A concept fundamental to motion in, and depiction of, two or higher dimensional universes is that of the vector. A vector specifies both a direction and a distance travelled along that direction (eg."3 miles east"). Once we have established this concept, the position of a point in space is the vector going to the point from a specific origin point (eg."3 miles east of the church").
Vectors are described in a given coordinate system but the vector can
be said to exist independently of any coordinate system. The simplest
coordinate systems are Cartesian coordinates which describe vectors with reference to
perpendicular axes conventionally refered to as X, Y (and Z) axes.
Coordinate Systems in Two Dimensions
Cartesian Coordinates
The X-component of a vector is its component in the direction of the X
axis which is conventionally thought of as running from left to right
across the paper (east). Its Y-component is its component in the Y
direction which is conventionally ”up• the paper (north).
We write (x,y) or sometimes | æ | x | ö |
è | y | ø |
[r,f] | = | (rcosf,rsinf) | |
(x,y) | = | [ Ö (x^{2}+y^{2}),f(x,y)] | |
Where | |||
f(x,y) | = | tan^{-1}(y/x) | if x>0 |
p- tan^{-1}(-y/x) | if x<0 | ||
p/2 | if x=0 y>0 | ||
-p/2 | if x=0, y<0 | ||
Arbitary | if x=y=0. |
(x_{1},y_{1}) | + | (x_{2},y_{2}) | = | (x_{1}+x_{2},y_{1}+y_{2}) |
[r_{1},f_{1}] | + | [r_{2},f_{2}] | = | [r, sin^{-1}(r_{2} sin(f_{2}-f_{1})/r)+f_{1}] |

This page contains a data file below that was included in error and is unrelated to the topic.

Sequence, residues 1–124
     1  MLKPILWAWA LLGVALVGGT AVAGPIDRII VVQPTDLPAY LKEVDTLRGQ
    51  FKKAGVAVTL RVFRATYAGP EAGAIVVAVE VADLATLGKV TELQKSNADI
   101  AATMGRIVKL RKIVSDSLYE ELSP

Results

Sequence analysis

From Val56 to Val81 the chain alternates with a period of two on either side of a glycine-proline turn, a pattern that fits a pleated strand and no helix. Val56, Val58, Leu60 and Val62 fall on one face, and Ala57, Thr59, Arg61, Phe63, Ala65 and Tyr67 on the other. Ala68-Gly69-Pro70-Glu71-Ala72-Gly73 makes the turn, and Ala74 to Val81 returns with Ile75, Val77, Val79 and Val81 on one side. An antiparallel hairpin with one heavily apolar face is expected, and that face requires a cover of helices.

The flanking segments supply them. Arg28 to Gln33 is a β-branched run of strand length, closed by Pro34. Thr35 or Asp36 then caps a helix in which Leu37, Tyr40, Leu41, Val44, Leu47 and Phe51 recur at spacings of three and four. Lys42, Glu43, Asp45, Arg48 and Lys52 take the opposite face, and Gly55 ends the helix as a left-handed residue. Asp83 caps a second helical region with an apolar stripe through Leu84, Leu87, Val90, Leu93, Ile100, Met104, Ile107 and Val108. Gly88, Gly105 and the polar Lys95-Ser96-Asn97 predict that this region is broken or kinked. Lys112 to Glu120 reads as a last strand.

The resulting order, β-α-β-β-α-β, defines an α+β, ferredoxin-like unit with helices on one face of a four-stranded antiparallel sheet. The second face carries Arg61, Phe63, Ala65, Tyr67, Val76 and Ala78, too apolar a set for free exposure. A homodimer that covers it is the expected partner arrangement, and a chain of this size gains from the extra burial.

Rather than writing all our vectors as (x,y) or [r,f] we use bold
letters to refer to vectors to distinguish them from "normal numbers" or
scalers and so avoid having to express them in a particular coordinate
system. In the presence of Cartesian axes we write r_{1} for the X component of
a vector r, and r_{2} for its Y component. We often write r for the
magnitude (length) of the vetor r.
Coordinate Systems in Three Dimensions
Cartesian coordinates can be readily extended to cover three dimensions
by adding a third "Z" axis perpendicular to the X and Y axes. This may be
thought of as coming "up out of" the paper. Three dimensional Cartesian
vectors behave very much the same as two dimensional ones. It is
conventional to ensure that the X,Y, and Z axes form a right handed triad
(which means that if you were to place your right hand at the origin and
point your first finger along the X axis and your second along the Y axis
your thumb would point down the Z axis) although a left handed set is more intuitive
when considering cameras.
Cartesian coordinates are the favourite for 3D game programmers and
many games, such as Elite, use them exclusively.
There are two other common coordinate systems for three space.
Cylindrical polar coordinates
P Cylindrical polar coordinates replace the Cartesian X and Y coordinates by their